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post #1 of 5 Old 07-07-2010, 03:29 PM Thread Starter
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Bala Sharks

Hey, I just wanted to know if someone could help me out.

I got a 55 Gallon tank with a Top Fin 60 filter and just a small air pump. I'm hoping to get maybe 2 Bala Sharks and a Red tailed black shark when my tanks ready.

Is the tank a big enough size for them? I know eventually they can get up to 12 inches and hopefully I can find a new home for them. Also since they are aggressive, would adding a Pleco be a bad idea? or would they get along?

Thanks
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post #2 of 5 Old 07-07-2010, 03:44 PM
the pleco will get along fine.they are a hardy fish species.we use them for cycling the tank all the time.

5x2x2 aro,highfin bat,fei feng,ST,albino tinfoil,c.perch
4x1.5x1.5 planted tetras,harlequins,
otto,WMM,2 types of celebes rainbows,rcs,amano, bamboo,red ramhorns,MTS
3.5x2.5x2 flowerhorn,pleco
3x1.5x1.5 russel's lion,blue cleaner,sixline and leopard wrasse,maroon clown pair,green chromis,scorpion,tiger cowrie,turbo,lyretail anthias,jewel,anemone,star polyp,marbled and giant green mushi,zoa
2x1x1 nano sw shrimps
22 May 2012
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post #3 of 5 Old 07-07-2010, 03:51 PM
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My suggestion is to forget the bala sharks; the red tail shark is OK in a 55g with reservations.

Bala sharks are large (12-13.5 inches) and while it may be OK to house them temporarily in a 55g they will soon (very soon) need larger quarters. Also, this is a shoaling fish that should be kept in groups of 5. When kept in say 3's there is usually one that is killed by the others as there are not sufficient fish in the group to establish the fish's natural pecking order. When kept singly this fish has been known to turn very aggressive to other similar-looking fish, since it is deprived of its social group again. And five of these means at least a 8-foot tank. Unless that is in the near future, please don't buy these fish. Potentially-large fish in small environments develop internal organ problems and deficient immune systems, and usually have much shorter life-spans.

As for the red-tail shark, at 5-6 inches it will manage in a 55g. Just recognize that they can be aggressive with similar-shaped fish, and sometimes with other fish. It seems to vary with the fish, but one must recognize that the potential is there. It is highly aggressive with its own, and in nature lives in solitary except when spawning. So as a single fish it makes a good resident in a larger aquarium (like a 55g) provided companions are carefully chosen.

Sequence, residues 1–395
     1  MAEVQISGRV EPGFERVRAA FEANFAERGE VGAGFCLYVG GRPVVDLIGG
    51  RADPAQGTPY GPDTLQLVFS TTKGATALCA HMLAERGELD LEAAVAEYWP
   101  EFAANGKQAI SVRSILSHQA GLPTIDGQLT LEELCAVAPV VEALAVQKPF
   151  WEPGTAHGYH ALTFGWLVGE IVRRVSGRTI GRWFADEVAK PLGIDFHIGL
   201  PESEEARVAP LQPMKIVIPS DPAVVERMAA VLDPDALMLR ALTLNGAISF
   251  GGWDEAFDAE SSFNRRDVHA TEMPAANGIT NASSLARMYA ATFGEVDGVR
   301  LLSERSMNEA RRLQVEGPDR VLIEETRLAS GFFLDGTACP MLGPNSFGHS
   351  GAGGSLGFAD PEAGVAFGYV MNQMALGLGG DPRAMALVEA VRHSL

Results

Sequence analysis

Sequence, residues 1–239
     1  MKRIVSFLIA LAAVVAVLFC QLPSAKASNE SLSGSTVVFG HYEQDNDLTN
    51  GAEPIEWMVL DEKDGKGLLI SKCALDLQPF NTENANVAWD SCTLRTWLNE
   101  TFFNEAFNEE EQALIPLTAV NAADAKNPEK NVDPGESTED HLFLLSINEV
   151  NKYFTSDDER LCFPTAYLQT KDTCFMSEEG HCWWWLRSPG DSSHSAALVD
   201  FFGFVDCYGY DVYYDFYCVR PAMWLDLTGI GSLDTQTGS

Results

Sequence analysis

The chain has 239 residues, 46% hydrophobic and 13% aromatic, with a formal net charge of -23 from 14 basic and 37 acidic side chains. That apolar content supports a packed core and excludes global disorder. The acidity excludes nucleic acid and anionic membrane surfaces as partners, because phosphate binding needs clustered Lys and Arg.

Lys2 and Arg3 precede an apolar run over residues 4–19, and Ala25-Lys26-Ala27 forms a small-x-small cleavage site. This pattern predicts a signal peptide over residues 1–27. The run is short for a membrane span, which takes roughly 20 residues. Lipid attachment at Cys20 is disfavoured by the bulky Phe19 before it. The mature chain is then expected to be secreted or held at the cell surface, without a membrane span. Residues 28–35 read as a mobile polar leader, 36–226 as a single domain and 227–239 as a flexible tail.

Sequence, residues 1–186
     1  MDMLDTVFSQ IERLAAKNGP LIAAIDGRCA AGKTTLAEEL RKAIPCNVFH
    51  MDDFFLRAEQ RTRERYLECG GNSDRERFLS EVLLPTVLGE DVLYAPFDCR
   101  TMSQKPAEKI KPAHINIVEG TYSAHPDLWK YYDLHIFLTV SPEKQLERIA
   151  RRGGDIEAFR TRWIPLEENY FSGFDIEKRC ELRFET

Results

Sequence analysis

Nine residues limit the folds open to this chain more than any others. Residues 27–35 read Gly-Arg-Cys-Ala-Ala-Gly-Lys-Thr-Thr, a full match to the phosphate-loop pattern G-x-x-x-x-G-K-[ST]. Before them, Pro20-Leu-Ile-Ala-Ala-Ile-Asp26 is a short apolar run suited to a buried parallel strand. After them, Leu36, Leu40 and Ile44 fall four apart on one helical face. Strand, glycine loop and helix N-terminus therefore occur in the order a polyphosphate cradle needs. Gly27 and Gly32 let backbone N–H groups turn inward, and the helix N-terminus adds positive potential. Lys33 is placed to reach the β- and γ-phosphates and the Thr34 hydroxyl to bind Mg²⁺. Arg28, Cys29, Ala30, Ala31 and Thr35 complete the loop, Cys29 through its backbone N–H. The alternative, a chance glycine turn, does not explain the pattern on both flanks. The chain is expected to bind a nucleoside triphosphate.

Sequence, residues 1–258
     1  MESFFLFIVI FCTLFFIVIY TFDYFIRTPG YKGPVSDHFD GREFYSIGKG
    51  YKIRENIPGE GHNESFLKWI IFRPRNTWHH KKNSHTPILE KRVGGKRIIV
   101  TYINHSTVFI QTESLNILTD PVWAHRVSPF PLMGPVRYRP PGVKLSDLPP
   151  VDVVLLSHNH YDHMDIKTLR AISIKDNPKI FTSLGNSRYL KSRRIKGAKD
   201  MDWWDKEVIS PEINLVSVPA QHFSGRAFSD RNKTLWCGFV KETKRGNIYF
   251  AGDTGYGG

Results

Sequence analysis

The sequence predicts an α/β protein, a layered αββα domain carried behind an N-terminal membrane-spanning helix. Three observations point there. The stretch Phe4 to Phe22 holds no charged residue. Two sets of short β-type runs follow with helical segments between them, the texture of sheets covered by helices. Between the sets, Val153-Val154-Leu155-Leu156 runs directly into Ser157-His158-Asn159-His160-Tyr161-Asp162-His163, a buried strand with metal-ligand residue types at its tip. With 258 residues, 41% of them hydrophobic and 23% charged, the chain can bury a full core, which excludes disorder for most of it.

Byron.

Byron Hosking, BMus, MA
Vancouver, BC, Canada

The aquarist is one who must learn the ways of the biologist, the chemist, and the veterinarian. [unknown source]

Something we all need to remember: The fish you've acquired was quite happy not being owned by you, minding its own business. If you’re going to take it under your wing then you’re responsible for it. Every aspect of its life is under your control, from water quality and temperature to swimming space. [Nathan Hill in PFK]
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post #4 of 5 Old 07-07-2010, 04:12 PM Thread Starter
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Ok thanks for the reply guys! I'll probably stay away from them then, and go with something that doesn't grow to such a large size.

Could you recommend anything else for the size of my tank? For me, both Aggressive or Community type fish I'm fine with.
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post #5 of 5 Old 07-07-2010, 05:46 PM
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You could do quite a few different aquascapes with a 55g. I'm not fond of suggesting fish as I think it should be your tank, I just step in with advice when I can about this or that fish.

The first thing to consider are your water parameters. That may narrow down the options and save a lot of research. Fish compatibility involves sharing the same requirements for water parameters (pH, hardness, temp) and environment (plants, caves, rock, wood...) as well as behaviour and size. Fish that are similar in all these will naturally be less stressed and thus more healthy in the aquarium that provides what they need.

Byron.

Byron Hosking, BMus, MA
Vancouver, BC, Canada

The aquarist is one who must learn the ways of the biologist, the chemist, and the veterinarian. [unknown source]

Something we all need to remember: The fish you've acquired was quite happy not being owned by you, minding its own business. If you’re going to take it under your wing then you’re responsible for it. Every aspect of its life is under your control, from water quality and temperature to swimming space. [Nathan Hill in PFK]
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